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Our Work
So Far

Everyone Project Impact

 

  • Over 180 courses delivered

  • Over 1800 participants

 

To find out how participants benefit from our courses read their testimonials.

People we have helped

Since embarking on our mission, we have delivered courses to:

  • Adults who have experienced childhood trauma

  • Black and Ethnic minority people experiencing disadvantage

  • Carers

  • Elderly people

  • Families living with autism

  • Foster carers

  • Homeless people and those vulnerably homed

  • Hospices

  • Key workers during the pandemic

  • LGBTQI+ communities

  • Men at risk of suicide

  • People experiencing financial difficulty

  • People experiencing significant poverty

  • People experiencing social isolation

  • People living with mental and physical disability

  • People living with MS and other neurological conditions

  • People who have suffered brain injury

  • People with eating disorders

  • People with various health conditions

  • Providers of front-line child support services

  • Refugees & asylum seekers

  • Survivors and current sufferers of domestic abuse 

  • Survivors of sexual abuse

  • User of mental health services

  • Users of drug and alcohol addiction services

  • Vulnerable women

  • Women who have experienced trauma

  • Young adults experiecing mental health issues during lockdown
     

research

Research Thesis 

Despite the increasing popularity of mindfulness based approaches there continue to be barriers to access. Those taking up training have tended to be self-funding professionals, and much of the existing research has been conducted with samples of white, middle class participants or on clinical populations, with an associated focus on treatment and pathology.  The Everyone Project seeks to broaden access by delivering Mindfulness Based Living Courses (MBLCs) to disadvantaged and isolated groups, often those living with multiple stressors.  In contrast to many other mindfulness approaches, MBLC was devised for a non-clinical population, has an explicit focus on self-compassion, and facilitates self-screening.  This is more congruent with an empowering, strengths-based approach that can bring genuine change to those who are marginalised or lack social capital.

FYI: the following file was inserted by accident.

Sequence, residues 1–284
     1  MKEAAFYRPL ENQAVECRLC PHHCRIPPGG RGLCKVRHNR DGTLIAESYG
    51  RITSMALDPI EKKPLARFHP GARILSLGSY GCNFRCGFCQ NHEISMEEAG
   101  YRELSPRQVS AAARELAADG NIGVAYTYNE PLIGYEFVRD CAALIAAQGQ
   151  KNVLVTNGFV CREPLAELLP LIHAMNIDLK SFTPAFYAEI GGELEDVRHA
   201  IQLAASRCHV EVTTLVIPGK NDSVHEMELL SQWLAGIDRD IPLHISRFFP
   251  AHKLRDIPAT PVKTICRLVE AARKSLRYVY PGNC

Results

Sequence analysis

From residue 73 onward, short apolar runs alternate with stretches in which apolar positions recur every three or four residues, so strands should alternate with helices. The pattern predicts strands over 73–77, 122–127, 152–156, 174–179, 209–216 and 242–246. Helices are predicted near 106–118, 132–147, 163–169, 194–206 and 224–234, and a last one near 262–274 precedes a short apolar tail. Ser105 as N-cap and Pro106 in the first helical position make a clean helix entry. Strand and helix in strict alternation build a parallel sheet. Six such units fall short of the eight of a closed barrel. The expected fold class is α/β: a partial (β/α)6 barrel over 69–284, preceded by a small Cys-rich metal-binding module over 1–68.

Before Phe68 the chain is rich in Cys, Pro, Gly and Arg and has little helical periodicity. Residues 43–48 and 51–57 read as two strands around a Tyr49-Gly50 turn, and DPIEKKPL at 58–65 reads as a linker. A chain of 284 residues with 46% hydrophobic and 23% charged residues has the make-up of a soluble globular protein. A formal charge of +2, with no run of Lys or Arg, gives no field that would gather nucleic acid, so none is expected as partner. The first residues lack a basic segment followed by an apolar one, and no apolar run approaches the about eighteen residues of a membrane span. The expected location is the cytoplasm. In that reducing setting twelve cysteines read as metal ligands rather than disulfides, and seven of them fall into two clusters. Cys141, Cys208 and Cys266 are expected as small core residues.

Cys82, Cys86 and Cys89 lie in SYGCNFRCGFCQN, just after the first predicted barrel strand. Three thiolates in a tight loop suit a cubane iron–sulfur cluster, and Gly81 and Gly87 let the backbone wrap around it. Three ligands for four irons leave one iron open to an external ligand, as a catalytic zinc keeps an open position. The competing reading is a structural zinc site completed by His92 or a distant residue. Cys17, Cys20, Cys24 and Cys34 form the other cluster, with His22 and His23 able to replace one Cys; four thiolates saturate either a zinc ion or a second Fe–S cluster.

There is, however, a lack of research on this approach.  Our research programme aims to explore how MBLC is experienced in socio-economically and ethnically diverse communities, including vulnerable and isolated groups. 

Research Projects & Outcomes

Our on-going research programme is providing us with resounding evidence of the impact of the mindfulness courses that we deliver.

Our research began in 2016 investigating changes in perceived stress, well-being and mindfulness before and after participants attended our courses. This research was overseen by Alan Hughes of the Mindfulness Association and Moira Harris, a PhD student with the University of Aberdeen. Julie McColl of the University of Strathclyde has also worked with us on writing up and presenting the results. It was very pleasing to see significant improvements in well-being and mindfulness, and reductions in perceived stress. A summary of the initial findings can be found in Chapter 25 of ”Mindful Heroes – stories of journeys that changed lives”. This chapter also reports on the outcomes of in-depth interviews carried out with five of the early course participants. A more detailed analysis and report of the research is available to download: Initial report - Analysis of Everyone Project data as is the report on the more extensive research in 2017 that corroborated the initial results: Everyone Project Cohort 2 Report - March 2018.